Seaford to Dover: Mother taking awareness steps for son with Duchenne muscular dystrophy
By Glenn Rolfe
Sussex County Post
SEAFORD — Sometimes, parents go to great extremes to do what’s best for their children.
In March 2014, Brooke Lyons plans to go the extra mile and then some for her 16-month-old son Ryker.
On Saturday, March 29, Ms. Lyons plans to walk from her family’s Seaford home all the way to the steps of Legislative Hall in Dover in an awareness/fundraising campaign dedicated to son Ryker, who faces a premature death sentence with Duchenne muscular dystrophy.
“Physically I can do this. What I am doing is something that my son will never be able to do,” said Ms. Lyons. “And if this is the only thing I can do for him, then it is everything I will do for him.”
DMD, caused by mutation in the dystrophin gene, is a fast-progressing muscle disease that essentially destroys all of the muscle in the body, including his heart, replacing it with scar tissue. It affects predominantly males — about 3,600 boys are born with it each year — although females can carry the gene mutation.
“There is no cure. It is a fatal diagnosis,” said Ms. Lyons. “It’s awful. It is an awful disease. You almost wish that it was cancer because at least then there would be treatment and hope.”
If muscle degeneration is typical, Ryker — diagnosed with Duchenne MD at age 14 months — will be confined to a wheelchair by age 10, be on a ventilator in his teens and probably lose life’s battle in his late teens or early 20’s, most likely due to heart failure.
“Call me selfish but this is not enough time. I need more time with my son,” said Ms. Lyons.
“Since we found out the diagnosis I have felt like my hands were tied,” said Ms. Lyons, who said she initially attempted to hold an event at the high school track. “But just all of the legalities of insurances and waiting for this permission and that permission, I finally decided, ‘I can’t wait for someone else to tell me that I can do something for my son.’ This allows me to feel like I am not just sitting idle. I am doing something to help him.”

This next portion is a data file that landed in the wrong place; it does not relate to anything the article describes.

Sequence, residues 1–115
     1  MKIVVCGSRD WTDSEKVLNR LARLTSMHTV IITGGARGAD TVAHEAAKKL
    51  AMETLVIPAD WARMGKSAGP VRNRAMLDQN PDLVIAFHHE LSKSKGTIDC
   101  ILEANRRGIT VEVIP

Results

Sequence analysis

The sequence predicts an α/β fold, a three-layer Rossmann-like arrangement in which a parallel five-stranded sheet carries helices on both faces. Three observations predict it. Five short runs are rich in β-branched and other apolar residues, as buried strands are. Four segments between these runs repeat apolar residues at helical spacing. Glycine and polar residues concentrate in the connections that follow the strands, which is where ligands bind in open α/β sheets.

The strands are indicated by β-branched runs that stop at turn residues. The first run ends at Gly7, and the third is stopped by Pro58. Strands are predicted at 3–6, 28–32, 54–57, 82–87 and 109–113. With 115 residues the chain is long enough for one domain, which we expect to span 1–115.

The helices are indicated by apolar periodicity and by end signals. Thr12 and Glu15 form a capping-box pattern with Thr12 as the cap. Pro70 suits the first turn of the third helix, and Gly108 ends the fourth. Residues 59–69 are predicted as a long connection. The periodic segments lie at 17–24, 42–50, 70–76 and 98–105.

So the 32-year-old law office paralegal/mother of three has mapped out her 37.6-mile journey on March 29, 2014.
And she recently created a Facebook page called Ryker’s Fight. As of Aug. 20, Ryker’s Fight had surpassed 1,300 members. “It’s been amazing,” she said.
Ryker is the youngest of Aaron and Brooke Lyons’ three children. They have two daughters, ages 13 and 8. There is no past family history of muscular dystrophy.
Ms. Lyons is intent on walking alone but gladly welcomes all of the cheerleaders and supporters that U.S. 13 can handle.
“My heart tells me that as his mother, I need to do this alone,” she said.
Ms. Lyons hopes the thousands of small steps she takes transform into a big step in awareness and support for research through donations and legislation.
“The whole reason why I chose that location (Legislative Hall) is right now there are so many bills out there and not just Delaware legislation but throughout the United States. And really that is what my goal is — to raise awareness,” said Ms. Lyons. “The leaders that we are relying on, they are voting on bills that could potentially save these boys’ lives. And they may not even know what muscular dystrophy is. How can I let someone hold my child’s life in their hands — literally — without them being educated on exactly what it is that they are voting for?”
“So many people have ‘heard of’ muscular dystrophy but they truly have no idea until they have a direct impact,” she said.
Ryker, who turns 17 months old in August, goes back to the doctor at A.I. DuPont Children’s Hospital in October for an EKG and echocardiogram. “They have to start tracking his heart function,” said Ms. Lyons.
Treatments, which include steroids, are available now but side effects Ms. Lyons said are awful. “So are they worth it?” said Ms. Lyons.
In addition to her walk, fundraising is part of Ms. Lyons’ plan. She hopes to raise $100 per mile plus some extra for a goal of $4,000.
Around December, in conjunction with MDA’s fiscal calendar year, she plans to put together flyers and have special T-shirts “not just so much for the event but Ryker’s Fight in general.”
While there’s no cure now, Ms. Lyons is convinced that sometime in the future in some research center a cure is waiting to be discovered. She hopes it’s in her son’s lifetime.
“There is a cure, absolutely, and that’s why I am doing what I am doing,” she said. “It is so frustrating; so many people have heard of muscular dystrophy but even with me, you have no idea what it is until you are directly affected. And my goal is to put not just a face to the diagnosis with my son, but also a life story so people can understand.”
News Editor Glenn Rolfe can be reached at 629-5505 or email@example.com.